This is an older post from my other site, discussing my love of mini-comics.

When I say “mini-comic”, I don’t mean the ones a lot of independent publishers make. I’m referring to the pack-in mini-comics (or is it “minicomic”?) that you get with toys, or various snack and cereal promotions. Or at least did. The last time I saw these used were Marvel’s “MegaMorph” line. Some toys now are coming with special edition reprints of large-size comics, or you get digests.

I love these things, which is why I try to fit at least one into the “Friday Night Fights”. (I’ll be doing another one for tomorrow night.) You get a story that you may not get elsewhere. The origin of M.A.S.K.? Introduced in one of the pack-in comics, and later used in the animated series. (During the lackluster “racing” season, for any fans that drop by.) Some of the best Masters of the Universe stories were in the pack-in comics that came from DC (who also made comics for cereal promotions and their own Super Powers line). In the days before cartoons based on toylines were allowed to air, the mini-comics were the only way to see your favorite toys characters in action.

So why do I bring this up, and what does this have to do with storytelling? On the latter, nothing, really. But at least I can pull back from the drama for a minute. Too many ranting posts to start 2009. For the former, this article at The Weekly Crisis about trying to find bags based on oddly sized comic books is the spark of this article. These mini-comics weren’t even mentioned.

As you can somewhat see here (buy a cheap camera, get cheap pictures), I store most of my mini-comics in a Ziploc bag which is old and might need replacing. However, at least I don’t lose the little things as easily. They’re not even in the longboxes I have now for my comics. I keep it in a drawer so I can find them.

The one exception are my Transformers: Armada/Energon mini-comics, produced by Dreamwave for Hasbro when they still had the license. Dreamwave also did the box art for the two lines before crashing and burning–but that’s a rant for another time, and plenty of Transformers blogs and at least one toy-centric webcomic have done a better job with that one. (Suffice it to say many TransFans don’t like Pat Lee all that much. Especially Mr. Willis. I mean he REALLY doesn’t like the guy.)

Anyway, I put those eight comics in a regular comic bag because I wanted to put them in my Transformers-exclusive comics box (which by the way is so full that the regular IDW comics are sitting in a pile in the floor–I need a new storage system for the entire comic collection, which is really too big to manage ), even though they barely fit into Dreamwave’s continuity, if at all. On the other hand I like having all most of my collection in one spot. Oddly, I don’t do this for the other ones.

Above is the one Peter Pan Spider-Man comic I own. I think there were four, attached to the lids of Peter Pan peanut butter. This one has Spidey fighting the Vulture, which at the time had the ability to absorb people’s youth and not be an old fogey. Now I fully don’t expect to ever see them making a comic storage bag at that size (even if it was square it would still be smaller than the MOTU minis), but what about the others?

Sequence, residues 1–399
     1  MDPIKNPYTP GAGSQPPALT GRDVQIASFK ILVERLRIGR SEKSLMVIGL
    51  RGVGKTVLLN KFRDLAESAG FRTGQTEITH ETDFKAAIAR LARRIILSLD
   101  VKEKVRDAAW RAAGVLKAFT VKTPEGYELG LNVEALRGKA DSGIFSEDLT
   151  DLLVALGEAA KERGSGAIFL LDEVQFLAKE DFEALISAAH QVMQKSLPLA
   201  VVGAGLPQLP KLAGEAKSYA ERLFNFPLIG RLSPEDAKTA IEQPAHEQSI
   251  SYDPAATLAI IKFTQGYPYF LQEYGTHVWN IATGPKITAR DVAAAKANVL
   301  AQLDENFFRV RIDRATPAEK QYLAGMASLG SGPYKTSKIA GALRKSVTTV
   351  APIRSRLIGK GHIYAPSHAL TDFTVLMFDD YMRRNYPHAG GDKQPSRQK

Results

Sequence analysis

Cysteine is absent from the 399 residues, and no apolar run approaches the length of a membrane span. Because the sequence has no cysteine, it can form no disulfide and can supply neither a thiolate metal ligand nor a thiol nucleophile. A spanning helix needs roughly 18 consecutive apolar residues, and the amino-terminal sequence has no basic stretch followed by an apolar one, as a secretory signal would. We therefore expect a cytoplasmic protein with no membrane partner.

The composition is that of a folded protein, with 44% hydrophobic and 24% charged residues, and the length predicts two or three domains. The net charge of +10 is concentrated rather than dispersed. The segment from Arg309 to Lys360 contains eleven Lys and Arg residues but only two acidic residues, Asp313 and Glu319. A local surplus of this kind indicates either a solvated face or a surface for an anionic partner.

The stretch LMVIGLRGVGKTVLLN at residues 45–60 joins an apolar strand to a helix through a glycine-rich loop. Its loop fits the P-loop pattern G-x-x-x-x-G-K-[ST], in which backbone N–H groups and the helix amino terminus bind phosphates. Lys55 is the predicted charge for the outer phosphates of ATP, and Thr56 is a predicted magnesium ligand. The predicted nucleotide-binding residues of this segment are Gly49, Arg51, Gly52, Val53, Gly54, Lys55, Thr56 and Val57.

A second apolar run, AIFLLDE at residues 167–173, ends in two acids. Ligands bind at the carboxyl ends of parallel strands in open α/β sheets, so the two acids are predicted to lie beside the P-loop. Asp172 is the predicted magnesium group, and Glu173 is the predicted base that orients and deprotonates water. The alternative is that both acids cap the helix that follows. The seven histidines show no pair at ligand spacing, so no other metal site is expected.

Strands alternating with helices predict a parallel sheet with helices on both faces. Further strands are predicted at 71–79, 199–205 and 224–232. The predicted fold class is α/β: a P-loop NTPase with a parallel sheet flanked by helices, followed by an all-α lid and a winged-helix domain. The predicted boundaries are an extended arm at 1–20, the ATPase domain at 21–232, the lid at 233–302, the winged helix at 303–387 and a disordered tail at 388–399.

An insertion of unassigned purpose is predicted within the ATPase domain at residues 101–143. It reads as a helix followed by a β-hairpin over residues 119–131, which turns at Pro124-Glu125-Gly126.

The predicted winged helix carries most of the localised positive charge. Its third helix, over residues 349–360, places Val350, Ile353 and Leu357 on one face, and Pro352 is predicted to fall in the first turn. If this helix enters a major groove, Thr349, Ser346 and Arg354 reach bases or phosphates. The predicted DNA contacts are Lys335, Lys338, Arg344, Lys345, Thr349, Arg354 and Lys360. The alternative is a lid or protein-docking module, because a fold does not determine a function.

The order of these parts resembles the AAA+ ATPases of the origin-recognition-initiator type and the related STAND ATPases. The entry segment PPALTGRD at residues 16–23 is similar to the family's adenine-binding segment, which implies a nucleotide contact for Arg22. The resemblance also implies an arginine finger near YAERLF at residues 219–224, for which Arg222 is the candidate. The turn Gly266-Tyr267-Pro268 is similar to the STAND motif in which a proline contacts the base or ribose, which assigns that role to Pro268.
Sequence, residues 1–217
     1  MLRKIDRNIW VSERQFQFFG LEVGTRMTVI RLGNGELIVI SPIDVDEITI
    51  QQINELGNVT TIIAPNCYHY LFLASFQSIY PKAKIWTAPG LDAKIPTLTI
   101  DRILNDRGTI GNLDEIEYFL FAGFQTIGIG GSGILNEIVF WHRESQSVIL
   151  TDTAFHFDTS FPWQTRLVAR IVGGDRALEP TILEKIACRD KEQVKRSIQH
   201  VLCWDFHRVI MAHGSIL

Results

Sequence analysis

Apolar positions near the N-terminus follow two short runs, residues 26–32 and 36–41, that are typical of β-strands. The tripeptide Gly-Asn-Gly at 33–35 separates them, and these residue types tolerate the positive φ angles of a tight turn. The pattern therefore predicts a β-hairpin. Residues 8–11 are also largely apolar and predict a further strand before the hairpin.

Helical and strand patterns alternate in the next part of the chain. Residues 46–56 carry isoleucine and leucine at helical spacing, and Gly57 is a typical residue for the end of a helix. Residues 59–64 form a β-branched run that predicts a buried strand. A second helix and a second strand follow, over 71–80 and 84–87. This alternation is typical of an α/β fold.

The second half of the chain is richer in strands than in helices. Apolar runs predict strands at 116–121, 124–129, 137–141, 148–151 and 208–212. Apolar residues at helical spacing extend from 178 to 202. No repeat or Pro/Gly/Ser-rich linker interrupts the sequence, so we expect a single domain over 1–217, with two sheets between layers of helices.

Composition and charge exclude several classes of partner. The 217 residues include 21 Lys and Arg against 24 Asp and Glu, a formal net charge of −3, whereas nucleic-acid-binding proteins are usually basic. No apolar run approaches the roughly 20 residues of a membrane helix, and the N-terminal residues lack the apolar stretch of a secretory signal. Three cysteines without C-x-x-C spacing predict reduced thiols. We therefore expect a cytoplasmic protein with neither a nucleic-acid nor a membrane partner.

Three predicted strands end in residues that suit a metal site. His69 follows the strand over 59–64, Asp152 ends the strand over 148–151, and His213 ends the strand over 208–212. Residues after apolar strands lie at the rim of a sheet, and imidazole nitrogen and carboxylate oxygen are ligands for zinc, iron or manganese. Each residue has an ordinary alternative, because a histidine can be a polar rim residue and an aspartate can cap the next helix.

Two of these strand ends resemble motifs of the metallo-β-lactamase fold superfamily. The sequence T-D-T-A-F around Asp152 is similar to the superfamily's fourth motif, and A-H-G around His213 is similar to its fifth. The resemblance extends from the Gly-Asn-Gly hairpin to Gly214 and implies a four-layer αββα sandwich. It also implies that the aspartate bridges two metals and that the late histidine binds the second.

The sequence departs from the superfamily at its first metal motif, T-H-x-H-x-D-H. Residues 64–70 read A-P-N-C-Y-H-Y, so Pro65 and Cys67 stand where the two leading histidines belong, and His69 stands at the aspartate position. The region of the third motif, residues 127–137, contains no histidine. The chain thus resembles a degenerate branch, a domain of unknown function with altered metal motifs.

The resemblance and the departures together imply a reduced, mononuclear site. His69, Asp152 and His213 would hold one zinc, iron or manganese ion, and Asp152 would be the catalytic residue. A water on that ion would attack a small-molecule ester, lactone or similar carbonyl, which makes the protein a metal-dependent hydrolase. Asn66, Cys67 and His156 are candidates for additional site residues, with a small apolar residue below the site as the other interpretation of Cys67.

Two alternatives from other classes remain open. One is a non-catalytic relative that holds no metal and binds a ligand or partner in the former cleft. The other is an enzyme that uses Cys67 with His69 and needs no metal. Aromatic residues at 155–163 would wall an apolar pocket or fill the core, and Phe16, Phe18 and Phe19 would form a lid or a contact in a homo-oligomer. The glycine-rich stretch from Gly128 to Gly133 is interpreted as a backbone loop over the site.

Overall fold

The Masters of the Universe comics are typical, or close to typical, sized comics. Most of my mini-comics are this size. The Transformers ones are. Why aren’t there any usable bags at this size?

This is the promo comic for DinoZaurs, a Transformers wanna-be, that suffered from a rather poor anime. How poor? The 12 mail-away VHS (which I have) is way better than the entire series (or what I could watch of it). This comic came with my lone DinoZaur, Dino Sabre. (Voiced by Robotech‘s Rick Hunter, I think.) Now it has a perfectly good storage bag. I really should trim down an unused backing board to go in there. Really, all I need are some decent bags, and I can adjust the boards accordingly.

These are some other mini-comics I have, the aforementioned M.A.S.K. comic, a promo for Viz’s Zoids comic (that came with a Zoids video from a different storyline), the Beast Wars pack-in comic that came with the bat version of Optimus Primal which I renamed “ShadowWing”, Primal’s top infiltrator* (this is part of the origin of my screen name, the toy rename came first) and the crocodile version of Megatron that I redubbed (and forgive me) “Croc-Kill”, Megatron’s chief sniper.

(*note for Beast Wars fans: Rattrap was a sabotage expert, spy, and data thief. ShadowWing would mostly be his back-up for getting in and out, or a substitute. Otherwise I probably had him as an aerial scout, backing up Airrazor or something.)

Finally we have the Marvel specials that came inside boxes of Drake’s Snack Cakes. (I love me some Drakes Coffee Cakes.) Those actually came in bags, but unlike the DinoZarus comic, they weren’t very strong, and fell apart since they weren’t really designed to be storage bags once you got them opened.

So these are some comics that Matt missed in his article. Anybody else have a method of storing these things? I’m thinking of getting a recipe box so they’re not all squashed in there so tightly. (Having a paperback book style Flash Gordon comic, a few stories taken out of Disney Adventures, Some Bongo promos, the GoBots illustrated book that K-Mart was giving away–same one that came with Zod–which has seen better days, and an actual promo comic from the History Channel about a comic book special they were airing.) Alternately, anyone have some more mini-comics? I’m still missing the other two M.A.S.K. comics, plenty of MOTU, the Super Powers and Starriors stuff…….

What? I love those little promo comics.